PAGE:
The Kenilworth Corridor “bottleneck”

This image from the “LRT Done Right” website perfectly sums up what a bone of contention the Kenilworth Corridor along the former Chicago & North Western/Minneapolis & St. Louis line from Cedar Lake Junction in Minneapolis to Bass Lake Yard in St. Louis Park has become. The line –now operated by the Twin Cities & Western but owned by the Hennepin County Regional Rail Authority– is slated to be replaced by a twin set of light rail tracks for the new Southwest LRT line. St. Louis Park is supposed to inherit the freight traffic. They do not want it moved; and residents in the Kenilworth corridor do not want to sacrifice the trail.  The result is a swell boondoggle. Image courtesy LRT Done


Looking up the tracks at Cedar Lake Parkway 11 5 2011
No place causes more contention along this contested railway line than in the so-called “bottleneck” sector of the route. Here we are at Cedar Lake Parkway looking north on a mild day early in November of 2011. The space at right used to host at least two more sets of tracks, if not more. If you took out the trail and moved the freight track over a bit, you could co-locate both here. However, the trail –the Kenilworth Trail– is super-popular, and those who use it will not see it go without a struggle.


Cedar Lake Parkway trail grade crossing 11 5 2011
Another look at the “bottleneck” along the Kenilworth Corridor as it looks on the north side of the Cedar Lake Parkway grade crossing. It is interesting to note here that the Kenilworth Corridor did not have a “bottleneck” in it for the longest time, as this aerial photo from 1972 demonstrates. The reason why it now exists at all will become obvious the further south we go along it.


Cedar Lake Parkway grade crossing 11 5 2011
A view of the Cedar Lake Parkway grade crossing looking east. South of this point is where “the bottleneck” begins in earnest.
ROW stuff at Cedar Lake Parkway grade crossing 11 5 2011
We are on the west side of the corridor looking south here. Residential development at right encroaches on the current corridor from here to Lake Street.  The 1972 aerial photo reveals that this spot was once much wider thanks to rail yard-related trackage here; it can be seen in the right-center background of the photo down from the apartment building that occupies the same area of the picture.
Signal on south side of Cedar Lake Parkway grade crossing 11 5 2011
The corridor on the south side of Cedar Lake Parkway as viewed from the eastern side. The narrowing of the corridor is especially notable here. This and preceding four photos taken by Tony Held on November 5, 2011.
TCW line by townhomes between Cedar and Lake view two 7 22 2012
We are down along the curve along the TC&W which starts south of Cedar Lake Parkway on a warm late July afternoon. The townhome development that was built on former rail yard land is visible at left. Kenilworth trail is at right. The “bottleneck” is at its most tightest here; but it is a pinch caused by lack of foresight when the yard land was sold after Minneapolis & St. Louis successor Chicago and North Western abandoned the Kenilworth and Cedar Lake yards in the early 1980s.
Anti co locate sign by townhomes along TCW Mpls 7 22 2013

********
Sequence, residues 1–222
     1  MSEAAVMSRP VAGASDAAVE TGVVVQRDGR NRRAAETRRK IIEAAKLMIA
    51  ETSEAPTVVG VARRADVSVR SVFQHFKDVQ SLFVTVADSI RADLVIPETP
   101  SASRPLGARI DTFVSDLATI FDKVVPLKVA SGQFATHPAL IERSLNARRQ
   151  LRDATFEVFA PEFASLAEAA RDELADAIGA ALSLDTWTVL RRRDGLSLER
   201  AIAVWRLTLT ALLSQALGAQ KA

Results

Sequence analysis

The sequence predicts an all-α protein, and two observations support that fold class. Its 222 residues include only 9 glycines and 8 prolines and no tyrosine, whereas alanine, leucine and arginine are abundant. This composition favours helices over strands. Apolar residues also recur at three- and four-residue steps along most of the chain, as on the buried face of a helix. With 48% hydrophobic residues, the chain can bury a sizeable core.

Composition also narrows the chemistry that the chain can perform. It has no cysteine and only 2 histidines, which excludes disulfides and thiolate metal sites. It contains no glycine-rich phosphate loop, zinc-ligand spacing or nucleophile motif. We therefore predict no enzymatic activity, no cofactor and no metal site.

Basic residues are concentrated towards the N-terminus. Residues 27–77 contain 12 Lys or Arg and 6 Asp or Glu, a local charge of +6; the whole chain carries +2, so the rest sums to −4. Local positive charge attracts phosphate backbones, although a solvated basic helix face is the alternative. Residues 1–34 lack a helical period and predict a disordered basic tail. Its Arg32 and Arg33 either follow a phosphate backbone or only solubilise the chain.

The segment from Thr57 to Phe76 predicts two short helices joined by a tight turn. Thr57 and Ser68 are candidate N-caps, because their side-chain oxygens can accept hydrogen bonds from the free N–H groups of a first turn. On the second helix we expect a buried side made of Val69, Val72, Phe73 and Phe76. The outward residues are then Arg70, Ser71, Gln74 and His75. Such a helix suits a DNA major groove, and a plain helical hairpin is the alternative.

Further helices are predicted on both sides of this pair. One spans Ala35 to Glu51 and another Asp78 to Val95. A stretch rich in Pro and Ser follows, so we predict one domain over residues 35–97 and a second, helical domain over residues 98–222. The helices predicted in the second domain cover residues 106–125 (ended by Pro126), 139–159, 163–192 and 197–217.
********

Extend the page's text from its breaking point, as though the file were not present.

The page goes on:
The banner for the “LRT Done Right” website flies like a Yankee flag planted on Rebel earthworks during the Civil War at the townhome development built on former rail yard land post-abandonment.
TCW by townhomes between Cedar and Lake view one Mpls 7 22 2013
We are now looking south along the TC&W towards Lake Street. The townhome development marches practically up to the road on former rail yard land.  If these homes had not been built, there would be none of the issues and opposition hampering co-location today.   The question of whether it was the C&NW or the HCRRA that sold the freight yard land is one worthy of investigation; whoever sold it was extremely nearsighted, needless to say.
Underside of Lake St bridge view two Mpls 7 22 2013
At Lake Street along the TC&W’s current alignment on the ex-C&NW, exx-M&St.L. route from Cedar Lake to Bass Lake. Note how there is space for at least two tracks under the bridge deck at the right. A freight rail track could be threaded through there and the two LRT tracks could go through the center, though the bridge itself doubtless will need work to accommodate the overhead wires and other infrastructure.
Underside of Lake St bridge view one Mpls 7 22 2013
We are on the south side of Lake Street. The “bottleneck” has ended, and elbow room exists for co-location of the freight rail and LRT tracks…
Looking northeast along TCW by Lake St Mpls 7 22 2013
…as you can see further…
…and further south of Lake Street.
Looking southwest on TCW near Lake St Mpls 7 22 2013
We are now looking southwest from the vantage point of the photo above. Again, you could put the freight rail line further over and co-locate the LRT. The matter of whether to cross the lines at grade at Bass Lake or via a bridge is another matter of contention. I must concede that a bridge would be the best solution, since it would allow LRT operations to be unaffected by freight rail operations. The bridge could begin in this area for the gentlest grade possible for LRTs. Of course, should the LRT be put in a tunnel from Cedar Lakr to Bass Lake a bridge would become a moot point.  This and preceding seven photos taken on July 22, 2013, by Tony Held.